Jewish Journal


February 5, 2013

What Hollywood should take from Robert De Niro’s tears



I prefer filmed interviews over print at times because people get so worked up when they’re being taped. Interviewing subjects for print can be bland. They stay composed. There’s more time to think up an articulate response. But on film, they only have a moment. They know people are watching—everyone is paying attention.  And on Monday, such was the case for Robert De Niro.

The man is notorious for withholding information about his personal life, for raising his eyebrows then squinting while executing a cold response, and, at times, for getting up and walking away at a whim when he doesn’t like the question being asked.

On Katie Couric’s show Monday, Silver Linings Playbook director David O. Russell briefly discussed his experiences with his son’s mood disorder, which inspired the character played by Bradley Cooper in the film.

Katie Couric asked De Niro if he felt any responsibility doing a film that the director had personally invested in.

“Oh of course,” he replied as his emotions suddenly exposed themselves. He tried to cut himself off immediately. He even tried coughing and looking upwards. None of it worked. De Niro was crying for the first time ever in the history of television—on ‘Katie.’

"I don't like to get emotional," he managed to say. "But I know exactly what [David] goes through." De Niro didn't explain how, but Russell abruptly chimed in to continue the conversation.

"When I first was in his apartment and I was talking to him about the screenplay, this is what happened," Russell said as De Niro wiped his eyes. "I thought he was having hay fever and I realized he was having an emotional reaction. I sat there and I watched Robert De Niro cry for 10 minutes."

Hay fever? Nobody in Hollywood would expect tears from Robert De Niro. To everyone who admires De Niro for the brilliance of his acting, they were watching the young Don Corleone, the angry Travis Bickle from Taxi Driver, the raging bull, Jake La Motta, the Russian roulette-playing soldier from The Deer Hunter, and the impatient Rupert Pupkin from King of Comedy. Every character he had ever embodied or resembled up until this point was now crying on set. Robert De Niro, finally humanized, and it is a beautiful thing.

But why does it matter? Pay more attention, and you will see that everybody you look up to and glamorize, like De Niro and like Russell, has endured something significant—and this is what makes them great, next to their talent. Not all were born with a silver spoon in their mouths.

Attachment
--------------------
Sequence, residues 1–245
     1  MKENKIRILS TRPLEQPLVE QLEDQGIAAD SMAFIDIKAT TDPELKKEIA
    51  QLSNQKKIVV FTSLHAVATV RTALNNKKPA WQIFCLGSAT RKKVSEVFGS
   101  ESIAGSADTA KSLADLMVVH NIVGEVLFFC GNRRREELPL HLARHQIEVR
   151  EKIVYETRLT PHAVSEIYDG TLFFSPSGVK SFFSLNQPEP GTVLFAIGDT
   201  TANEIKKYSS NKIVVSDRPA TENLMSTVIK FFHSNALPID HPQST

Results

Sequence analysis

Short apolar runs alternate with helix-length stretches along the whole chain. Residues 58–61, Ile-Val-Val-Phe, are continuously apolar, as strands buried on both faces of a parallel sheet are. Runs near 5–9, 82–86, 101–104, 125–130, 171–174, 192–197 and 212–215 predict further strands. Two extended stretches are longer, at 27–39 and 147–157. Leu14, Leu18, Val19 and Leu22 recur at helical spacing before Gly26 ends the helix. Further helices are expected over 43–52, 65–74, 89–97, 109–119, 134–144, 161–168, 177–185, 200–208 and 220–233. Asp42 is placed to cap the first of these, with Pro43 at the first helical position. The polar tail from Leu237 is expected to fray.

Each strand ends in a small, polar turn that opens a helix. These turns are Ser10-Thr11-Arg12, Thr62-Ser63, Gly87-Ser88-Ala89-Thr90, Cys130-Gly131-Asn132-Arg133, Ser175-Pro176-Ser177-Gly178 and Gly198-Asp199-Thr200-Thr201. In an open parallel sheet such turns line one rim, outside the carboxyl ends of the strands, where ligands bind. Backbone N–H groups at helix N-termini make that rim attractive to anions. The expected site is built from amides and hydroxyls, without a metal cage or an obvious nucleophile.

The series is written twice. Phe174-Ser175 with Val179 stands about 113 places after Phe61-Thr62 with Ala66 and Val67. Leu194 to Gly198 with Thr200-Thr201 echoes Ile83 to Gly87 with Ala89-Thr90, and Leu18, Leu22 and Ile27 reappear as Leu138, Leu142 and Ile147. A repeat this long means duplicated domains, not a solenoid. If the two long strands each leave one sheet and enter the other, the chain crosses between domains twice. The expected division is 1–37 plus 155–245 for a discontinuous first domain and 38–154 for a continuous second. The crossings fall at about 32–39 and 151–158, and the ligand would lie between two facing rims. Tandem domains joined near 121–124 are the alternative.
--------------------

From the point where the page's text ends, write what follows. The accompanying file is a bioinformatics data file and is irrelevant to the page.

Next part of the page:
Most people in Hollywood have struggled with their own issues. Maybe they lost a family member, suffered abuse, endured depression—who knows.

J.D. Salinger wrote it beautifully in his book The Catcher in the Rye:

Among other things, you’ll find that you’re not the first person who was ever confused and frightened and even sickened by human behavior.  You’re by no means alone on that score, you’ll be excited and stimulated to know.  Many, many men have been just as troubled morally and spiritually as you are right now.  Happily, some of them kept records of their troubles.  You’ll learn from them – if you want to.  Just as someday, if you have something to offer, someone will learn something from you.  It’s a beautiful reciprocal arrangement.  And it isn’t education.  It’s history.  It’s poetry.

Especially during award season, we tend to forget that beneath the golden trophies and red carpets are human beings with a message and a purpose.

In 2012, Russell told Charlie Rose in an interview:

“Because I have a son who’s had some of these emotional situations I immediately related to Silver Linings Playbook, otherwise I never would have. And I said, what a wonderful story, and a wonderful world that is tragic, heartbreaking, emotional, and ultimately funny and inspiring….While I was waiting the five years to make it, I probably rewrote the script over 20 times, and I was able to plumb new depths of it in terms of calibrating the nature of the challenges the main character faces.”

Too often we look to others’ accomplishments and achievements, and we somehow seek to emulate these feats in our own lives—to draw inspiration from them. While this is a noble endeavor, I urge you to also look for the crossroads, the vagaries, the turmoil, the strangeness, the human side of people’s lives.

To watch Robert De Niro battle against his emotions, and lose, was strangely uplifting. Sadness and even sorrow are common among those we know—but to watch these emotions materialize among those we honor and esteem goes to show that perhaps ambition can be bred from hardship, and ability may very well stem from a deep-rooted understanding of adversity. At the very least, an interest in these subjects will allow you to enjoy the freedom from self-absorption.

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